ACT 1978 Movie Review: An effective thriller with a social message
Not a fast-paced thriller, ACT-1978 depends more on the performances delivered by the actors
While ACT- 1978 is not an everyday story, it still manages to highlight a common man’s plight through the story of the protagonist Geetha. The ordeals she faces at the hands of government officials will seem all too familiar for a large section of the watching public.
The film is directed by Mansore, who previously helmed Harivu and Nathicharami. The plot, in the beginning, mirrors a hostage thriller and gives us a glimpse into a very familiar system. Geetha (Yajna Shetty), a pregnant widow, enters a government office with an old man Sharanappa (Suresha B), and locks up the officials. She threatens them with a pistol and a bomb, tied to her waist.
Producer: Devaraj R
Cast: Yajna Shetty, B Suresha, Pramod Shetty, Sanchari Vijay
What does Geetha want? Just the release of an amount already sanctioned by the government, but kept on the backburner by local officials. Tired of being asked for bribes, Geetha takes the violent route to get her due. The movie plays out like a game of chess with a masterful stroke at the end by the director which will leave you shocked. The inner politics in the functioning of a government department, which does both good and bad, is laid bare for the viewers to see.
Not a fast-paced thriller, ACT-1978 depends more on the performances delivered by the actors. The casting is great and Yajna Shetty seems to be the perfect choice for the protagonist’s role. Suresha B and Pramod Shetty support her well as do the rest of the cast.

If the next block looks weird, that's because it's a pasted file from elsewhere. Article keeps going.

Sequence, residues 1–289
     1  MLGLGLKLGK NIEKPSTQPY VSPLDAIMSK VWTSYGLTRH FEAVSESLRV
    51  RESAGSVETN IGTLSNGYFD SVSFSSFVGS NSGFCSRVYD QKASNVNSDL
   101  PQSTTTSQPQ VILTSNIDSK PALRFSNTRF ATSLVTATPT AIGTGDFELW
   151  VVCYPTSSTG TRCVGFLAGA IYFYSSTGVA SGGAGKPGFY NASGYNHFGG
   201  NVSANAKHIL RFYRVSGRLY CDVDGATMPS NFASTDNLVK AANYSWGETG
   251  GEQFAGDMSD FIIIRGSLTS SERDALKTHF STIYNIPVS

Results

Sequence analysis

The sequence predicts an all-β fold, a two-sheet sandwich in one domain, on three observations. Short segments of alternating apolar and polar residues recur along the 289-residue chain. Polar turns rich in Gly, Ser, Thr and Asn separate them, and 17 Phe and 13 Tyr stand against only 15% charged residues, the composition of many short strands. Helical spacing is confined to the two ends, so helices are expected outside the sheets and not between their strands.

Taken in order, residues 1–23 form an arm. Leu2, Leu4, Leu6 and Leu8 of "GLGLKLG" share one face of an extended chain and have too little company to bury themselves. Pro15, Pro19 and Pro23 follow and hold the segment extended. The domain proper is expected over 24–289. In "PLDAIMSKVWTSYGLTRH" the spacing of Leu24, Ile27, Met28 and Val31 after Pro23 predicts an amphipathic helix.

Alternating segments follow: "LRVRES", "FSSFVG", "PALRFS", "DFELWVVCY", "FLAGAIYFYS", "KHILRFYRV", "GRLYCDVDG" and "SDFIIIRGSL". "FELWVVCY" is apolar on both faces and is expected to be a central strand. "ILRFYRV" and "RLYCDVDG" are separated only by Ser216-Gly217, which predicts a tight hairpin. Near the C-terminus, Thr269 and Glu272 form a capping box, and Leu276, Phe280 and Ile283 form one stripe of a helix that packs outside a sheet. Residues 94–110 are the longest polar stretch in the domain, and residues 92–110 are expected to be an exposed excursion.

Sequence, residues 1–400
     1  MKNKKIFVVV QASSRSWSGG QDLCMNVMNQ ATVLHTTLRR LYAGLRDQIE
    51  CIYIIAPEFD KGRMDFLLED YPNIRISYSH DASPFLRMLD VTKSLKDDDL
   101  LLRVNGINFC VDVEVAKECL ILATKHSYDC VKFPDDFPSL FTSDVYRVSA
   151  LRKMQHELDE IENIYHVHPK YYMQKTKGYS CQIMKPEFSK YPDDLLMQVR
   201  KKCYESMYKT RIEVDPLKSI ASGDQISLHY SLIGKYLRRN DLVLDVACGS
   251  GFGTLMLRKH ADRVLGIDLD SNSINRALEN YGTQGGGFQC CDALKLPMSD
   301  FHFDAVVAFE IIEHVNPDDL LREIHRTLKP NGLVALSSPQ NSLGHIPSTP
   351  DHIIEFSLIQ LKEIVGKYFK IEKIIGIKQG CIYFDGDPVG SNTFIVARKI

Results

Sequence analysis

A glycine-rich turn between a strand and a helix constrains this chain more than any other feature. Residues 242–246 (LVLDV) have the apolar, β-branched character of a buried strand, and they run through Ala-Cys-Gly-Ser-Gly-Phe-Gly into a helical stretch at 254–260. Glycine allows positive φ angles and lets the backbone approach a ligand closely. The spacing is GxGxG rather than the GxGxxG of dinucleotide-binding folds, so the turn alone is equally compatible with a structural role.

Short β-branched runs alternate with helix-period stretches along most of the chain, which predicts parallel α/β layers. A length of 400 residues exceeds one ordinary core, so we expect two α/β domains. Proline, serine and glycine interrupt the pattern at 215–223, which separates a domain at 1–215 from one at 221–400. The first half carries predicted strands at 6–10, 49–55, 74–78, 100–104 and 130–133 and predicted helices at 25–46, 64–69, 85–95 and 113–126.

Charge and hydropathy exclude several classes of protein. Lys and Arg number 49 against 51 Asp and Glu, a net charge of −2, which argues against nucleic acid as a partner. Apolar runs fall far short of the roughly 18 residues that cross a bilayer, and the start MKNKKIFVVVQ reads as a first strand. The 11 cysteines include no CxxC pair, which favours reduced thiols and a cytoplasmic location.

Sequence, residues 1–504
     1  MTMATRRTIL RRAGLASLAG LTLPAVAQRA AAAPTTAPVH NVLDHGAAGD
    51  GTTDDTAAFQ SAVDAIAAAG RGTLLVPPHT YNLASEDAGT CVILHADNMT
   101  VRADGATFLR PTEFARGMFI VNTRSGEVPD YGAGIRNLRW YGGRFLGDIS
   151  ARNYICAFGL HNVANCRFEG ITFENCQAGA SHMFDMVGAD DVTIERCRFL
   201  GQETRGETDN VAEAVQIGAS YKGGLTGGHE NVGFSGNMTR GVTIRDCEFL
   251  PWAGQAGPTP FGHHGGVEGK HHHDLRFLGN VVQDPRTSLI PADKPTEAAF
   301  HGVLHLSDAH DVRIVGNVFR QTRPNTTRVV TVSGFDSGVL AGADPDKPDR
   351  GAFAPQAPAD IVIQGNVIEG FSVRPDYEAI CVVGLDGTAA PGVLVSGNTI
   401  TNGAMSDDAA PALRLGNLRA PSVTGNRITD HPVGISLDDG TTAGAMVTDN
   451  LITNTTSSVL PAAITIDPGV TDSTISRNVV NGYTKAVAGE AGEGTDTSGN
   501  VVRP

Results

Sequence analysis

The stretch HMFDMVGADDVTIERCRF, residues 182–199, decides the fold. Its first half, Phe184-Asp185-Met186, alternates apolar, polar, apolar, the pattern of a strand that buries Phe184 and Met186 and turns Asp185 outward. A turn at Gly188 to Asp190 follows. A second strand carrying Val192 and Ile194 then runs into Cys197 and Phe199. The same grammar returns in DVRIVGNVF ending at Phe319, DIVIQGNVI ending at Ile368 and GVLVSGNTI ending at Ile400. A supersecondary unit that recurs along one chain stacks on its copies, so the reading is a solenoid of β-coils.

ACT-1978 is a writer’s film, and this is yet another extraordinary contribution by Mansore to the Kannada film industry. He is well-aided in this endeavour by writers TK Dayanand and Veeru Mallanna, who have written gripping dialogues. Having personally endured such ordeals, Mansore effectively brings about the problems faced by such bureaucratic red-tapism. The movie mocks the government, reminding it in a not-so-kind way about its duties. It brings out the pain that government acts create for those governed by them and it also manages to faithfully portray the media’s role in such issues.
The film excels technically as well. Colour grading gets a lot of importance, with Satya Hegde, the DOP, doing a good job. Makeup and sound are given thought too. Though there is only one theme song in the film, the immersive background music is by Ronada Bakkesh and Rahul Shivkumar is a strength.
One of the first films to release post lockdown, ACT 1978 is definitely worth a watch and is a thriller with the potential to create awareness, both in citizens and government officials.